Game 1: Miami Can't Handle The Heat
Initially, many involved joked about how the conditions in the sweltering AT&T Center on Thursday for Game 1 of the NBA Finals reminded of sepia-toned memories. When we played poor. When we played outside. When all that mattered was a ball and a rim and a friend to play with, modern comforts like indoor air conditioning be damned.
But the AC stayed broke-down. And eventually, LeBron James and the Miami Heat joined the same state.
"It was frustrating sitting out and not being able to help our team," said James, who cramped up so badly that he could only watch the end of San Antonio 110, Miami 95. "It's frustration and anger. But at the same time, it's something that you try to prevent, you try to control. I mean, I got all the fluids I need to get, I do my normal routine I've done.''
The normal routine for both these franchises it to chase rings. But this was an exhausting pursuit as thermostats gauged the temperature at 89 degrees indoors in San Antonio.
Outdoors, as we begin the oven that is summers in Texas, the temperature was a few degrees cooler.
What happened? A 600-volt circuit breaker in the bowels of the arena went bad. Engineers surely labored frantically to find a fix; I can imagine Adam Silver was down there swinging a wrench, too, not wishing his commissionership to begin with the heat the league has taken for the Donald Sterling debacle and now, this more literal variety.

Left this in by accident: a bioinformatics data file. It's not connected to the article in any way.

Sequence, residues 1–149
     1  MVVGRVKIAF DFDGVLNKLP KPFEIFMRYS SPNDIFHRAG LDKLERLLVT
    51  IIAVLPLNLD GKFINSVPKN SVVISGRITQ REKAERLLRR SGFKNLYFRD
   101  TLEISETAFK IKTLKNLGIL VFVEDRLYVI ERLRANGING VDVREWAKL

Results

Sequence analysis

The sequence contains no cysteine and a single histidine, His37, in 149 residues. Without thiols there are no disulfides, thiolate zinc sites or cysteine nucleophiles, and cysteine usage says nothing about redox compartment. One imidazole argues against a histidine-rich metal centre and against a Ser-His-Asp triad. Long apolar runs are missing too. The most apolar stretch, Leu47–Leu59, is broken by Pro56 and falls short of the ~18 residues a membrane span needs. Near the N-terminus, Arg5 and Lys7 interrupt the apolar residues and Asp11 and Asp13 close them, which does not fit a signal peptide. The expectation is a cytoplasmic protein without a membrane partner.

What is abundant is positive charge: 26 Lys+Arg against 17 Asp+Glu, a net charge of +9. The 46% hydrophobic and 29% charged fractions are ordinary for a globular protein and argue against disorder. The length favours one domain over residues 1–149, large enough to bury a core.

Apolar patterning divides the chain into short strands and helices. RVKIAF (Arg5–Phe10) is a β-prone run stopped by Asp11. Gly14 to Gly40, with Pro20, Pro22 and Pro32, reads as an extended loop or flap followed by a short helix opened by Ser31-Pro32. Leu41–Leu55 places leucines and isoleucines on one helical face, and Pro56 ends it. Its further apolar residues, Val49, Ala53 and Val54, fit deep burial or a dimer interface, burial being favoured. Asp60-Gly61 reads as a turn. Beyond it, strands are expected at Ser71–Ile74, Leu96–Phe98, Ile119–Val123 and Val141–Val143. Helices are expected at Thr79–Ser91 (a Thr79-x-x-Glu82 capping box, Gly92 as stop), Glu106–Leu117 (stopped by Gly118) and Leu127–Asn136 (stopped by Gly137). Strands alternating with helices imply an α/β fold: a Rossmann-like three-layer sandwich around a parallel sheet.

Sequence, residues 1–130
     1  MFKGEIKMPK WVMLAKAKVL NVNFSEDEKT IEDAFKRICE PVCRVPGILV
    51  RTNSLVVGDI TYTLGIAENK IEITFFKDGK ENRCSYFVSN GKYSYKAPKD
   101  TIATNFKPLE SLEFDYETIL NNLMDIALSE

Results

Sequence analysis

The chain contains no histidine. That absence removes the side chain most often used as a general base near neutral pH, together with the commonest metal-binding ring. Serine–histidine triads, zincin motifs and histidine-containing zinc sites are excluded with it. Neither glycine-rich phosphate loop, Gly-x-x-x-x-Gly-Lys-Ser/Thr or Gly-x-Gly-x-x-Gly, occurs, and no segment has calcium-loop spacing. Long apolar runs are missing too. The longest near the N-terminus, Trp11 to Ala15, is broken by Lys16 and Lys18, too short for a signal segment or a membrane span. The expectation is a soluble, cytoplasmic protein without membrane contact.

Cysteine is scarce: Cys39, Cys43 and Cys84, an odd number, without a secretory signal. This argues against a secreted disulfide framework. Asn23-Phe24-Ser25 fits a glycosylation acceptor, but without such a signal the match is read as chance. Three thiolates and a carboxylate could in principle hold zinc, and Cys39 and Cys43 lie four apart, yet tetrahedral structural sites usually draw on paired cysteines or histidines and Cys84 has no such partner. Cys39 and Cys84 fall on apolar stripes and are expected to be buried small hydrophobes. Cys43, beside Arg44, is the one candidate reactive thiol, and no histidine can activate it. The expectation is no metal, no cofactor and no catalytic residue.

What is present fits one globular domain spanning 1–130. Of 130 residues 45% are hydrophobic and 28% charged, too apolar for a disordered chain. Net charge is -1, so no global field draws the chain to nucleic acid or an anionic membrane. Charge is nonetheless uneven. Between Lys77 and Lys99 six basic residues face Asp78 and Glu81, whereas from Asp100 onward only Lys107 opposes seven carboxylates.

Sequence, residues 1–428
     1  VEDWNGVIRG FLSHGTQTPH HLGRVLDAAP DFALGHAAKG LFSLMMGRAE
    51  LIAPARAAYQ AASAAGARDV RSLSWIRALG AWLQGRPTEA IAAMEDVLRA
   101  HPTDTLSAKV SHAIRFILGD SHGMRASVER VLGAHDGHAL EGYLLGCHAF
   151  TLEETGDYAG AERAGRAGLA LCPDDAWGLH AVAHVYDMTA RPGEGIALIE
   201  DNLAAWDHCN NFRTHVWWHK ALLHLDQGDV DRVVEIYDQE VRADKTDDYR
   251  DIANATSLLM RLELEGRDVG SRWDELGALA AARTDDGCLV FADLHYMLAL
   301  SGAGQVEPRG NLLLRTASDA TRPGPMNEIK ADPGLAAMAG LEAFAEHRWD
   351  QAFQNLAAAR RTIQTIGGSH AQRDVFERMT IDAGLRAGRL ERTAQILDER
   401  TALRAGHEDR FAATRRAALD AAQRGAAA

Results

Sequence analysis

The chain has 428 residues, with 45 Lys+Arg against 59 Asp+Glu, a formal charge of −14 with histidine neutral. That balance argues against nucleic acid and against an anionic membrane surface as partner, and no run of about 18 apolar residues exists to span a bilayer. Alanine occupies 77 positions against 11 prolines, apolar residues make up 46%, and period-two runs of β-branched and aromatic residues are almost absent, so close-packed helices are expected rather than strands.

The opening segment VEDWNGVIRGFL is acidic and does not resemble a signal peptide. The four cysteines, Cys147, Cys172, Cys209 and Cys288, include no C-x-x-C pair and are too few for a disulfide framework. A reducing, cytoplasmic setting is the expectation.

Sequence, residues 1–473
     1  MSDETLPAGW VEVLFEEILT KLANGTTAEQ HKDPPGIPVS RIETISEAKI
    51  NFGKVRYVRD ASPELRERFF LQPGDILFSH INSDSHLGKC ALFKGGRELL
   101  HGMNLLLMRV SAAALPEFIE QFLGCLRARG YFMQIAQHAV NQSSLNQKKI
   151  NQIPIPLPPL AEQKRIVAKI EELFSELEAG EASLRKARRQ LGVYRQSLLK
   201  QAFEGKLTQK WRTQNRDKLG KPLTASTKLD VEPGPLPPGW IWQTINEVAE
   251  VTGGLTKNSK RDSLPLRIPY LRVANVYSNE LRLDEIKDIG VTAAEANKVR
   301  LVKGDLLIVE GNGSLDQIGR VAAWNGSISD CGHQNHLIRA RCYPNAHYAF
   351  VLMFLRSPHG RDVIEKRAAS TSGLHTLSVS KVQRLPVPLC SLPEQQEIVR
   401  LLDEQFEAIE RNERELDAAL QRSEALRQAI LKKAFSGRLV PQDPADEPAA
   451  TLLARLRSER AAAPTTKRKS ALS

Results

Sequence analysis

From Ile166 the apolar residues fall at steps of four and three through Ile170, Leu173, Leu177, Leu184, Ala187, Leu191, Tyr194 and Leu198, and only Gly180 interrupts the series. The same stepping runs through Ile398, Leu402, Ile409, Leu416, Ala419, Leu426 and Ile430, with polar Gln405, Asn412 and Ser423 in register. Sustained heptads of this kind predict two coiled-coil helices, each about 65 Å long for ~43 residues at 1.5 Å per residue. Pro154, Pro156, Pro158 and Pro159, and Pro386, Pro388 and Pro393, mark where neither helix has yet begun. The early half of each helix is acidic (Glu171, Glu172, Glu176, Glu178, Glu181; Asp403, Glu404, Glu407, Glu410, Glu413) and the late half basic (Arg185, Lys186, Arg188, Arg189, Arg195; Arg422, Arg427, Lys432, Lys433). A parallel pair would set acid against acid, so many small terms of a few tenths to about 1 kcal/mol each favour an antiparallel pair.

But the NBA Finals' sauna-like conditions did not fade and became central to the game and central to the story.
"As the game started I was like, 'Wow, it feels nice and warm in here,'" Miami's Ray Allen was quoted as saying. "It reminded me of when I was in high school growing up and I didn't have air conditioning in my gym. So I felt at home. I could get my body nice and loose."
James likely felt the same way when, with four minutes remaining in the game, his layup cut the Spurs' edge to just two points. This could be the start of the Heat winning a third straight title and of making San Antonio the runner-up for the second straight year.
Then suddenly ... down went LeBron.
"It was the whole left leg,'' said LeBron, who was administered IVs after the game. "Damn near the whole left side."
Of course, San Antonio found a way to cope. The Spurs overcame their 23 turnovers thanks in large part to Tim Duncan, age 38, playing 33 minutes without going down, and with Manu Ginobili, age 36, doing the same.
"I don't think I've played in anything like this since I left the [Virgin] Islands,'' said Duncan. "It was pretty bad out there."
Conspiracy theories aboard. But no, the Spurs didn't turn off their own AC on purpose.
LeBron Sucks memes aboard, too. And yes, they are part of the territory for the world's best player when he cannot play.
The NBA says a new circuit breaker will be installed this weekend and that Sunday's Game 2 is not in doubt.
"I'm sure that both teams are going to be happy that we have a couple of days before the next game," Spurs coach Gregg Popovich said. "And hopefully we can pay our bills."
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